But one should not think that the dirty jokes in Romeo and Juliet are the end of students’ engagement with the play; rather, the raunchiness serves as a portal into the text’s finer points, specifically, the language of the soliloquies and monologues. Once the kids are hooked and are scrutinizing the text for the next sexual reference, they will come upon lines like, 

 O, she doth teach the torches to burn bright! 

It seems she hangs upon the cheek of night 

As a rich jewel in an Ethiop’s ear– 

Beauty too rich for use, for earth too dear. (I.v.51-3) 

Invariably, when the students I teach come upon language like this, we’ll hear some sort of audible noise, be that a whistle, a gasp, or a Keanu Reevesish “Woah”. It is arresting imagery when you truly think about it–and since the kids are reading so closely in search of the off-color references, they are thinking about it. At this point (by the end of Act I), my nubile Shakespeareans tend to be engaged enough with the play itself–not simply with the dirty jokes, but with Shakespeare’s unignorable language. They may at first be in the Pit, so to speak, for the dirty jokes, but through this portal of sorts, they finds themselves inextricably trapped in the play’s luminous language (not to mention, of course, its prepossessing plot). 

Besides the amorous titular characters (with whom the students always sympathize with since Romeo is 15 and Juliet has “not seen the change of fourteen years” [I.ii. 9]), the two characters that best further bewitch the students into liking Shakespeare are the Nurse and Mercutio–both of whom, not surprisingly, are quite filthy-minded. The Nurse, the servingwoman who breastfed Juliet as a baby and has otherwise taken care of her since birth, reflects her social class’ (and the students’) love of off-color wit. She makes liberal reference to her feminine anatomy (“Now, by my maidenhead…” [I.iii.2]), and cherishes dirty jokes, even when they are in reference to her own Juliet as a toddler:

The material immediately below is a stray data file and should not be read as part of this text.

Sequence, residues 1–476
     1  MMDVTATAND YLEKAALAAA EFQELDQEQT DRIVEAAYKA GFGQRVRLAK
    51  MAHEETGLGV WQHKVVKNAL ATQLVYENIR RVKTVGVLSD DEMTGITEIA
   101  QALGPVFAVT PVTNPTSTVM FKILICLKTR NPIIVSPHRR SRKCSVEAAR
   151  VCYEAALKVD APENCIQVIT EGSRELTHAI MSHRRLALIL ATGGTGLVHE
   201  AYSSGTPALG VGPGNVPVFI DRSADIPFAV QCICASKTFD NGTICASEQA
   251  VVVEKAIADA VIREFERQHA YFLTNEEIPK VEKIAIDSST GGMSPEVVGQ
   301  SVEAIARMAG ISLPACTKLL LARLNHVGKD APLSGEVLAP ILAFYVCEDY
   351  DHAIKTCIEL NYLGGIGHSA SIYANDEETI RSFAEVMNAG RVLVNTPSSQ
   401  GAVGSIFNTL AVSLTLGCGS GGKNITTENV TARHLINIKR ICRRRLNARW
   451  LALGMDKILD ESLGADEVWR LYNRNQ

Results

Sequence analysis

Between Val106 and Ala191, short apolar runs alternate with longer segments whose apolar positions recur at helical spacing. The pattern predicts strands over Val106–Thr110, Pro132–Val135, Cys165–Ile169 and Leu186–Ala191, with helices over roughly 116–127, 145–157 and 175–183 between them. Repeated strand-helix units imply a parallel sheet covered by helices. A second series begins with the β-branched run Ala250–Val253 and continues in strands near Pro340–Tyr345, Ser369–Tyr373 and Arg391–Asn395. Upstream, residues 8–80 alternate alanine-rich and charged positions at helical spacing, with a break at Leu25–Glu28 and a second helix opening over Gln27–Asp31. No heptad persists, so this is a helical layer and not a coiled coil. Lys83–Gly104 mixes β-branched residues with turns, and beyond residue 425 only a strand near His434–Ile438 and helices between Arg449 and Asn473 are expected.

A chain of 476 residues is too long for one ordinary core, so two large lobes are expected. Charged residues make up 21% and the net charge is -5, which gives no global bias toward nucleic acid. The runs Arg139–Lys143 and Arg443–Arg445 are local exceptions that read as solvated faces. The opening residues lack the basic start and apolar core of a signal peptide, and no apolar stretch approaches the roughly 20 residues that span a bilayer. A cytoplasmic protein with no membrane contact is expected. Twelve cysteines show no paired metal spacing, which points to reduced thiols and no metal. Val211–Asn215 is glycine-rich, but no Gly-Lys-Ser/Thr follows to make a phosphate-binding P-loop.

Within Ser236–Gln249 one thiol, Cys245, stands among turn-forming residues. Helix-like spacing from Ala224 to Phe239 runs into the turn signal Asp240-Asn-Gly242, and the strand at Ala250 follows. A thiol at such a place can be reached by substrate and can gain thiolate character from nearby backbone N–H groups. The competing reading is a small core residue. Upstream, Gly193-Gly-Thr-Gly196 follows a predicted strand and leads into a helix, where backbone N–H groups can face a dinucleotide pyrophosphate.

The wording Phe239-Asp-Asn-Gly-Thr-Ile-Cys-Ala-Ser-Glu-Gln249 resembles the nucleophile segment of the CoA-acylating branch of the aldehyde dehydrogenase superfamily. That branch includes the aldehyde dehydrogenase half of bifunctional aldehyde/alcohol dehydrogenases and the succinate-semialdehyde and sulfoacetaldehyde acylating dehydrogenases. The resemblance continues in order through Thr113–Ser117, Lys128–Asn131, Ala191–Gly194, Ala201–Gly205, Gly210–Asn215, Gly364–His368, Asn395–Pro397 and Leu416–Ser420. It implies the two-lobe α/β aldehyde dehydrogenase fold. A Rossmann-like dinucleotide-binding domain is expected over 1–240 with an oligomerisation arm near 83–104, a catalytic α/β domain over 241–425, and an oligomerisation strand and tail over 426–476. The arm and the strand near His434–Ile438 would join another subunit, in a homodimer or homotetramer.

She [Juliet] could have run and waddled all about, 

For even the day before, she broke her brow, 

And then my husband (God be with his soul, 

He was a merry man) took up the child. 

“Yea,” quoth he, “Dost thou fall upon thy face? 

Thou wilt fall backward when thou hast more wit, 

Wilt thou not, Jule?” And, by my holidam, 

The pretty wretch left crying and said “Ay.” (I.iii.41-8) 

Even in the midst of an otherwise sweet reminiscence, the Nurse cannot help crack up over a lascivious remark her husband made to Juliet regarding how quickly the girl would be on her back with the implied sexual partner on top. In fact, even when Lady Capulet asks her to stop talking of such things, the Nurse finds she cannot, and instead repeats the punch line: 

“To think it should leave crying and say “Ay” 


“Yea,” quoth my husband. “Fall’st upon thy face? 

Thou wilt fall backward when thou comest to age, 

Wilt thou not, Jule?” It stinted and said “Ay.” (I.iii.56-62) 

When I point out to the students what the Nurse is talking about, they giggle and turn beat-red–but they get it, and in the process become increasingly more interested in the play. Whenever we select parts to be read aloud in class, the kids tend to get excited when receiving the part of the Nurse–and, funnily enough, both the guys and the girls are generally glad to get the part. But in the end, what’s not to like about the Nurse in the first few acts of the play? She’s funny, she’s down-to-earth, and she’s extremely affectionate towards Juliet–infinitely more affectionate than Lady Capulet could ever be. Like the off-color humor that the Nurse so often employs, the Nurse herself is another portal of sorts that helps the kids further engage with the text. She’s a prurient clown, and a character the kids truly love reading about. 

If the Nurse is playfully lascivious, then Mercutio is downright licentious. Take, for instance, his conjuration of Romeo when he and Benvolio are looking for their lovesick friend at the beginning of Act II: 

I conjure thee by Rosaline’s bright eyes, 

By here high forehead and her scarlet lip,